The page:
Lizzy Caplan on Party Down and the 'Many, Many Versions' of Hot Tub Time Machine
When you're making a movie called Hot Tub Time Machine, you need actors who are in on the joke. Fortunately, that's what Lizzy Caplan excels at -- not only can she nail a punchline, but her sardonic smarts were well-used both in Mean Girls and in the hit Starz series Party Down, which is about to return for its second season. (She's also more than capable of dramatic range, as anyone who caught her bad-girl True Blood arc can attest.)
A few weeks ago, Caplan rang up Movieline to reveal just how odd the Hot Tub shoot was (and how many writers it employed), what's new on Party Down this season, and why she never gets recognized for Mean Girls.
All right, Lizzy. Walk me through this: your agent calls and says, "I've got a script for you called Hot Tub Time Machine." What's your reaction?
"Where do I sign?!" No, I think my reaction was the same as mot people's reactions, which is that it's the stupidest title for a movie, maybe ever. Then they find out who's in the cast, and it all of a sudden becomes very interesting.
John Cusack is so well-known for his 80's movies...was it surreal to act opposite him in a movie set in the 80's?
Yes, it actually took me a few days of shooting before I had my "Holy sh*t, this is Lloyd Dobler" moment. I think it's the dream of most American girls -- or girls worldwide -- to get to make out with Lloyd Dobler.
I've heard some guys complain that Lloyd Dobler set an unrealistically high bar for them to live up to.
I concur. I think that no guy can ever live up to Lloyd Dobler. In high school, I quoted lines from that movie all the time, thinking that I was coming up with that stuff when in reality, I was cribbing it from Say Anything.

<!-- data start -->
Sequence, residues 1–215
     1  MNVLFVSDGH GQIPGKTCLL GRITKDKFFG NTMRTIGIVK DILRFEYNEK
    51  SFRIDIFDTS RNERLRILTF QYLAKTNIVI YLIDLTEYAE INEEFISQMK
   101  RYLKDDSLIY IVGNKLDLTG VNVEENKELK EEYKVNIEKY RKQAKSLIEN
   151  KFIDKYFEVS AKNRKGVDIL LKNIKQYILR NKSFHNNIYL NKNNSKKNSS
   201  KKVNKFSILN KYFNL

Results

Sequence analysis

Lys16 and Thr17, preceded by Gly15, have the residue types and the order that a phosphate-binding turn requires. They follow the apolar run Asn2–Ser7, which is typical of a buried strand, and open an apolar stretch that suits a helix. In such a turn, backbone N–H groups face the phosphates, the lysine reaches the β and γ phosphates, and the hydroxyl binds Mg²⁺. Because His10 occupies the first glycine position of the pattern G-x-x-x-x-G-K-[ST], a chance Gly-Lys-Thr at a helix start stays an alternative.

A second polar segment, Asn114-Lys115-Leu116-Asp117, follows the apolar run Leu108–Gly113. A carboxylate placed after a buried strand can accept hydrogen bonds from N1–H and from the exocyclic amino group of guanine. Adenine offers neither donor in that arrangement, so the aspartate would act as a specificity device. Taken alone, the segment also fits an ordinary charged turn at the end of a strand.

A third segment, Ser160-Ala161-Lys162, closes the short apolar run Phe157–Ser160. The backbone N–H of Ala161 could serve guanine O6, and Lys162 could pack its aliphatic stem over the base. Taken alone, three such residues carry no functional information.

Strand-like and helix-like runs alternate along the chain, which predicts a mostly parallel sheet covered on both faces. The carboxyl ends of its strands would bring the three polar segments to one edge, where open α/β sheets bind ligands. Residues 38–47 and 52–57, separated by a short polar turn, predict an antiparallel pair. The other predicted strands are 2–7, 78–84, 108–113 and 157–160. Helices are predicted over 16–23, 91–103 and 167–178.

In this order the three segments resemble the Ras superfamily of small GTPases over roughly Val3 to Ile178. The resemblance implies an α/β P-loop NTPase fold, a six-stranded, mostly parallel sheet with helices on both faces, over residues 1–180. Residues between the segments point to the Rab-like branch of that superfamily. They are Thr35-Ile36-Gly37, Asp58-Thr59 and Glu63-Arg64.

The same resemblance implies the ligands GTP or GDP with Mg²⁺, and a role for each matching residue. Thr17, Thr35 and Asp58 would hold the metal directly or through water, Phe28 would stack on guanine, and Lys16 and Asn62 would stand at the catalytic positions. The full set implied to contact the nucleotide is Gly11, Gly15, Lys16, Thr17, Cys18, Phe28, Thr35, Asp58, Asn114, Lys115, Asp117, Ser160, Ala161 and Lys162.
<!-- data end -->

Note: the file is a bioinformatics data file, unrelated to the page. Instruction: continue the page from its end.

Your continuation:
I imagine you weren't quoting those lines to John Cusack himself.
I did not. I should have done that. I'll call him up right now and do that.
Tell me about your character.
I play John Cusack's love interest. I haven't seen it yet, and there have been many, many, many versions of the script, but as of now, I am a reporter for Spin magazine reporting on Poison.
When you say there were so many versions of the script, do you mean there were on-set rewrites, or were you actually shooting different versions?
It's changed a lot. There were many writers coming in and out working on it -- all very funny, talented people. I went in to do looping, and I did looping for a couple different versions, so I have no idea, really, what the movie is. It's kind of weird.
So even while you were shooting, you'd do wildly different takes and lines.
Yeah, there were lots of new pages coming in, which was refreshing, actually. It allowed everybody a lot more freedom, and Steve Pink, the genius director of the movie, allowed us to mess around and improv, which is always good.
How different were those versions? Was there a costume drama take on Hot Tub Time Machine in there somewhere?
No, sadly. Perhaps for the sequel.
Now, I know you're an actress, but I'm going to acknowledge that you were born in the 80's...
What is your least fond memory of that decade?
I wore a lot of biker short and huge t-shirts. I had no boobs and I was really scrawny, so I looked like a little boy in biker shorts. Any time I look at those pictures, it makes me queasy.
Are there any background extras in the movie rocking that look?
The background extras look awesome. They're all wearing these Day-Glo ski suits, so they're far more fashion-forward than I was. My sister had this hair crimper, but I was far too much of a tomboy to mess with my hair.
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